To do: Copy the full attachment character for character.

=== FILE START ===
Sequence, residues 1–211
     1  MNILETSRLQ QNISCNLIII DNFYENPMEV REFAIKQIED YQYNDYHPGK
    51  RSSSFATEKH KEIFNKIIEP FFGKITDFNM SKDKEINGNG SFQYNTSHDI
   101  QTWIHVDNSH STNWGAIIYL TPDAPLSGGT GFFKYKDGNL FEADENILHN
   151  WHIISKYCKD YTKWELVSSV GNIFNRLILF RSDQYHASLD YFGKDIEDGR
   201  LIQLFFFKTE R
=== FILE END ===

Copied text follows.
Sequence, residues 1–211
     1  MNILETSRLQ QNISCNLIII DNFYENPMEV REFAIKQIED YQYNDYHPGK
    51  RSSSFATEKH KEIFNKIIEP FFGKITDFNM SKDKEINGNG SFQYNTSHDI
   101  QTWIHVDNSH STNWGAIIYL TPDAPLSGGT GFFKYKDGNL FEADENILHN
   151  WHIISKYCKD YTKWELVSSV GNIFNRLILF RSDQYHASLD YFGKDIEDGR
   201  LIQLFFFKTE R